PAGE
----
|Princess Cruises' Royal Princess, one of the industry's most revolutionary vessels when it debuted in 1984, will be leaving the fleet in May 2005. The 45,000-ton, 1,200-passenger ship was the first contemporary vessel to feature all-outside cabins -- and its high number of staterooms with private balconies was a relatively outrageous concept at the time of its launch. |
Royal Princess won't travel far -- at least in a cruise industry sense -- as it will join the fleet of P&O Cruises, Princess' U.K.-based sister company. The ship will undergo a "conversion" to the line's style and be re-named Artemis. Details on onboard changes were not available today. Nor was a date for Royal Princess' final sailing under the Princess moniker.
In other Princess/P&O ship-swap news, P&O's Adonia -- which was originally launched as Princess' Sea Princess -- is, um, heading back to Princess. There it will be known, once again, as Sea Princess. The 77,000-ton, 2,016-passenger ship, which was transferred to P&O in April 2003 (along with Sun-class sibling Ocean Princess, now known as Oceana), was originally launched in 1998.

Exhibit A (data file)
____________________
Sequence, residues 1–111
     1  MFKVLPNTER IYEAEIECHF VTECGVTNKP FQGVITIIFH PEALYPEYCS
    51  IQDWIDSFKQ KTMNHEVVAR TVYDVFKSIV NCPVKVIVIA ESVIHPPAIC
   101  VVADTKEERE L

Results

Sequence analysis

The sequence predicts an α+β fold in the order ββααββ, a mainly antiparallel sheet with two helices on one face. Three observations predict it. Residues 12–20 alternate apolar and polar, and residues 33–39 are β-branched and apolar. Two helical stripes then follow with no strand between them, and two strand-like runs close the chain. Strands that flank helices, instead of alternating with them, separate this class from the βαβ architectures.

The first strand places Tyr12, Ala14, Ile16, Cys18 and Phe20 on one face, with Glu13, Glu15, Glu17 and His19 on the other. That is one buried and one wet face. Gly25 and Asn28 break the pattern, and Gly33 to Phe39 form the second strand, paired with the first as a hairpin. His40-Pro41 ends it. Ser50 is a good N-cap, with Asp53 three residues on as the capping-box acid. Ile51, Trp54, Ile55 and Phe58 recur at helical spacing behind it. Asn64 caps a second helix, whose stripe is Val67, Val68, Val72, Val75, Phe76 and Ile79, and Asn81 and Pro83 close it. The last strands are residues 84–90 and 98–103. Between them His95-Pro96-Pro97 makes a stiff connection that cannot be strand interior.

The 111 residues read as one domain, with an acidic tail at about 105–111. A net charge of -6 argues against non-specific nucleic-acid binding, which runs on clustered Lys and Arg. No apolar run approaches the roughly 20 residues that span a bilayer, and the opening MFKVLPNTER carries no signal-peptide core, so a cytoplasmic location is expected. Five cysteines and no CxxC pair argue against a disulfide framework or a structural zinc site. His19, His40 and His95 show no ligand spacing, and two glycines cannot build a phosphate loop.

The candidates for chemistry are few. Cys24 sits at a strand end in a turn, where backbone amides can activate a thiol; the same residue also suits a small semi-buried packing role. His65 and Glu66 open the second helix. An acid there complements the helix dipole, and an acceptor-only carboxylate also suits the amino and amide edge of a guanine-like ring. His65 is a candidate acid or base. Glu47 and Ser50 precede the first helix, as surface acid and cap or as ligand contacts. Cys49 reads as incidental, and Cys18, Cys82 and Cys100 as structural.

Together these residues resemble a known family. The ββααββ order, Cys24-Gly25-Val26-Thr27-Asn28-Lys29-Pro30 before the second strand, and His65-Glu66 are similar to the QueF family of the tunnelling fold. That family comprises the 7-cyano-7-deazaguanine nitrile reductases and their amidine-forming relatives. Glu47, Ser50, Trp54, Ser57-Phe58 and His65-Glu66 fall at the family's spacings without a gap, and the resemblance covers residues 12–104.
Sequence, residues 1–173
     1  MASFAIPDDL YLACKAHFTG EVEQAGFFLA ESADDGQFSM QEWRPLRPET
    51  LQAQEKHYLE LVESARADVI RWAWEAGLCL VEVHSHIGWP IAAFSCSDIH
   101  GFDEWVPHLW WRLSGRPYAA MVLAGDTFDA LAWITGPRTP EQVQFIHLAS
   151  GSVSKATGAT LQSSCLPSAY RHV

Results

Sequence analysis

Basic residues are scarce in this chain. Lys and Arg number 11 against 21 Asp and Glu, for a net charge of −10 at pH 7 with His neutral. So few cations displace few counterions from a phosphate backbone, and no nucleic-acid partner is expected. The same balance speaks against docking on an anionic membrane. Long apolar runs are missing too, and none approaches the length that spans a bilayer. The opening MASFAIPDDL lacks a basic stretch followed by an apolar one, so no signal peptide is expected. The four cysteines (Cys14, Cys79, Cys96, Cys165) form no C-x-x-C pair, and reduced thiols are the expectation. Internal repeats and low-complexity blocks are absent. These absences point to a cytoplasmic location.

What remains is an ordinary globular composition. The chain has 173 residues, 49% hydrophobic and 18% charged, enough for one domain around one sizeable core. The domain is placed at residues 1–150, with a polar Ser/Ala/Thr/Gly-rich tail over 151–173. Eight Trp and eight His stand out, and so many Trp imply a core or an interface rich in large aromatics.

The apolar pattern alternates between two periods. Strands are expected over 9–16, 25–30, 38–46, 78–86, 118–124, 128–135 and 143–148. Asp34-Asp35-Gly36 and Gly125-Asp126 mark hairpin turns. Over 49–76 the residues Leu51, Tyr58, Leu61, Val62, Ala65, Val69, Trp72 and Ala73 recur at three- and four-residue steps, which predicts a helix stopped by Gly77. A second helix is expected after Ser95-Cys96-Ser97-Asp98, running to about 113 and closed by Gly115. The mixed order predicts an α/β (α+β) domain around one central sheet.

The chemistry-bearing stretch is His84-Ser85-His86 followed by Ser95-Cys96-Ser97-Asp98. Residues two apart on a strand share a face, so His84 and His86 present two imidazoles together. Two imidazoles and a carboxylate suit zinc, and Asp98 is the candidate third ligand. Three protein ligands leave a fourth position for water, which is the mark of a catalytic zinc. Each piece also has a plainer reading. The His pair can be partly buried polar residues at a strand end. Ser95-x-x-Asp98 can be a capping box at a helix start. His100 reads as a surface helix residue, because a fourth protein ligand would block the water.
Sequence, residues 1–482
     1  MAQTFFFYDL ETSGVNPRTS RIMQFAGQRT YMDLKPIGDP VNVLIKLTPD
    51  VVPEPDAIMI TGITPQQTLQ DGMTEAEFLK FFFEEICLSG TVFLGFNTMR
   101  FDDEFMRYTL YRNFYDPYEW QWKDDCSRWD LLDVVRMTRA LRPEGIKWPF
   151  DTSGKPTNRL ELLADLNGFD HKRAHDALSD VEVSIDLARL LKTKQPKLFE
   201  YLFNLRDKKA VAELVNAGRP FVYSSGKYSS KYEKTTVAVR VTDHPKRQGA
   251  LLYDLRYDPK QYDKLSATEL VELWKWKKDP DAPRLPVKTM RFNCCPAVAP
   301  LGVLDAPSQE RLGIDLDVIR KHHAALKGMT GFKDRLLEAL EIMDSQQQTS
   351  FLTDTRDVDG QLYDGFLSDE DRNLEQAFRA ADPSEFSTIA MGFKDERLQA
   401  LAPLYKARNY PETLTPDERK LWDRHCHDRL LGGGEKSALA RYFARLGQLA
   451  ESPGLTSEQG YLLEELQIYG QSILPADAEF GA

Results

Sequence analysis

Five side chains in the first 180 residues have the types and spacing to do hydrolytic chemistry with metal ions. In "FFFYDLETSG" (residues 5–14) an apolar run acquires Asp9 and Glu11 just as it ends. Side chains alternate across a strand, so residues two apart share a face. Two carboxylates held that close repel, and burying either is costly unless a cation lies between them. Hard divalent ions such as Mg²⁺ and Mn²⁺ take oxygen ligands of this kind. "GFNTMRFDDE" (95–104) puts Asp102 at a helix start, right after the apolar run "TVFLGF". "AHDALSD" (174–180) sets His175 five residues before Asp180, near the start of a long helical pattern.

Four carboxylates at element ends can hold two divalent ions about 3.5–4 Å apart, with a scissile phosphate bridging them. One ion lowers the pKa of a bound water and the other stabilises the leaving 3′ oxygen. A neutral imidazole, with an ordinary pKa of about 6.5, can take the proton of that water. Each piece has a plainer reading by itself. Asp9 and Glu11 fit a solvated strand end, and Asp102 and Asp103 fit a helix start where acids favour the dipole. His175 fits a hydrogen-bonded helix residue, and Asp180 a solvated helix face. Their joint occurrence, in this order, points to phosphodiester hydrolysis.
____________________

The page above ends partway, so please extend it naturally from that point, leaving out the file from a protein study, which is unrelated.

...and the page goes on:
Oceana will stay put.
These ship reassignments are part of a larger effort by Carnival Corp., parent of both lines, to realign fleets. Other major ship news as a result of Carnival's maneuverings impact Cunard as well.
Princess and P&O are among the 12 different cruise lines owned by Carnival Corporation & plc. Others include:
Carnival Cruise Lines, Holland America Line, Seabourn Cruise Line, Windstar Cruises, AIDA, Costa Cruises, Cunard Line, Ocean Village, Swan Hellenic, and P&O Cruises Australia.